Supporting NDIS participants’ interpersonal relationships – is a critical ingredient to the scheme’s success being neglected?

In today’s post, Laura Davy (@LauraKDavy) from the Public Service Group, UNSW Canberra and Ariella Meltzer (@ariella_meltzer) from the Centre for Social Impact, UNSW Sydney argue that under current policy settings, the answer to this question is yes. Summarising the findings of research just published in the Australian Journal of Public Administration, they outline three ways in which the scheme’s approach to supporting relationships is insufficient and explore how these limitations can be rectified.

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Whatever happened to a Law and Order State election?

Sensationalising youth crimes for political gain has been a mantra for politicians. Case in point, the recently conducted elections in Victoria where politicians of all stripes ensured gang violence was an election issue. But given that it is an election year for New South Wales, the lack of political and media voice surrounding law and order is deafening. Today’s blog contributor Dr. Elaine Fishwick (@elbowlass) tackles this issue (or lack thereof) locating it in larger worldwide trends and unravelling the present ‘policy moment’ we find ourselves in. Elaine is an academic scholar researching issues relating to human rights, social justice, access to justice, criminology, youth justice and public policy. 

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What can you do when policymakers ignore your evidence? Tips from the ‘how to’ literature from the science community

In this post, Paul Cairney and colleagues distil eight recommendations for promoting the use of evidence in policy making from 78 academic articles. But what if these recommendations are not enough? It’s OK, the authors also provide five additional resources to facilitate research impact in a policy context.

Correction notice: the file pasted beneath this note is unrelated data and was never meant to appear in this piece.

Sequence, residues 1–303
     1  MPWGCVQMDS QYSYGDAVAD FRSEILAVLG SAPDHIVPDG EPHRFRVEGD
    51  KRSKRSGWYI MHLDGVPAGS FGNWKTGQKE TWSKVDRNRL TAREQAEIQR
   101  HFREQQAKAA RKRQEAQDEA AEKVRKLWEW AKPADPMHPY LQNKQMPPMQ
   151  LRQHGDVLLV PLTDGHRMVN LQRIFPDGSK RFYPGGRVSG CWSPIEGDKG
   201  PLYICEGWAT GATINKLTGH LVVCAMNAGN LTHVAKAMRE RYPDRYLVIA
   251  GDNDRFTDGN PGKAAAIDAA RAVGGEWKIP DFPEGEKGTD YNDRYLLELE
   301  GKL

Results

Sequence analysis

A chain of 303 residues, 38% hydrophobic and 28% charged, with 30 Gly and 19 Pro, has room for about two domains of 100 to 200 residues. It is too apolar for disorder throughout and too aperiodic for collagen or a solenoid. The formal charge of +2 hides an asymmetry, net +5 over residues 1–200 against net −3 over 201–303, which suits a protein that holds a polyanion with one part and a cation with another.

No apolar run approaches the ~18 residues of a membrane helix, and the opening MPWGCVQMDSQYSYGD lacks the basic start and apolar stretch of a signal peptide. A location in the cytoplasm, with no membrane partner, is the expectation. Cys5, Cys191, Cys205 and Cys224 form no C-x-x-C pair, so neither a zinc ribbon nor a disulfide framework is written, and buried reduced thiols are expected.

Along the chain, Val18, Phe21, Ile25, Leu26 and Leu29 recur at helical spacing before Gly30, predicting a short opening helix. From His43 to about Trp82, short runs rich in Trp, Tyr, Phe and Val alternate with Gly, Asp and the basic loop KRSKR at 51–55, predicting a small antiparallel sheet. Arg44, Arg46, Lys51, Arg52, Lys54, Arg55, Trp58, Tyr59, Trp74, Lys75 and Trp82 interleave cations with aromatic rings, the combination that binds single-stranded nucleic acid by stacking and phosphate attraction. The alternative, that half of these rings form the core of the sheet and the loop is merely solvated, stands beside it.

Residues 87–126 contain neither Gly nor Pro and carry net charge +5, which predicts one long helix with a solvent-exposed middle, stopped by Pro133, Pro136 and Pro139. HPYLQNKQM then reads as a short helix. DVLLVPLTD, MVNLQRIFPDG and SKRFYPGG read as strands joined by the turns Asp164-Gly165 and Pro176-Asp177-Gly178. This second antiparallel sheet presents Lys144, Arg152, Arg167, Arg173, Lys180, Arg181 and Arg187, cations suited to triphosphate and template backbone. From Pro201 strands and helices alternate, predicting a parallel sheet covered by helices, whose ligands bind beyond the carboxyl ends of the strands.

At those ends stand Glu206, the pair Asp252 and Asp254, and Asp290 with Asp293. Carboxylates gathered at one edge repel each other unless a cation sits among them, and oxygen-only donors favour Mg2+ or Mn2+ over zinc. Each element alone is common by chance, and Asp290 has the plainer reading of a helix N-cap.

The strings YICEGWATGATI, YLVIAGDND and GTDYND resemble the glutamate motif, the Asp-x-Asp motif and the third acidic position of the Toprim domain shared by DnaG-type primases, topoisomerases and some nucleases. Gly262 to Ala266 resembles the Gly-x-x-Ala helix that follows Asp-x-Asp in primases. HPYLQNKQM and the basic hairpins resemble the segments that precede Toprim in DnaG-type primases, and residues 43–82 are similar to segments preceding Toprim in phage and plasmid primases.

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Policymaking amid complex systems: finding the levers of influence

Finding the right levers to influence policies in a complex environment can be very difficult. The Mandarin’s David Donaldson sought and consolidated the views of three academics, including that of UNSW Canberra’s Public Service Research Group professor Deborah Blackman, on policymaking in complex systems.

This article was originally published on The Mandarin.

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Investing in a resilient generation

The University of Birmingham (UK) has launched a Policy Commission report calling for increased investment in the prevention of poor mental health. The report comes at a time when half of life-long mental health problems show their first signs by the age of 15, and three quarters by the age of 25, and evidence that the rates of mental health problems amongst young people are increasing. The Commission Report, therefore, identifies childhood and adolescence as a critical opportunity to prevent and promote better mental health. In this post, Karen Newbigging discusses the report and implications from this work.

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Meaningful citizen engagement - to be embraced, not feared

Local governments everywhere are being challenged by the move towards better, more meaningful citizen engagement. The new Local Government Bill before the Victorian Parliament will require Councils to have a policy with specific community engagement principles, aiming to, among other things, "enable meaningful and informed engagement." Chris Eddy reflects on his experience as CEO at a local council in Melbourne's inner west.

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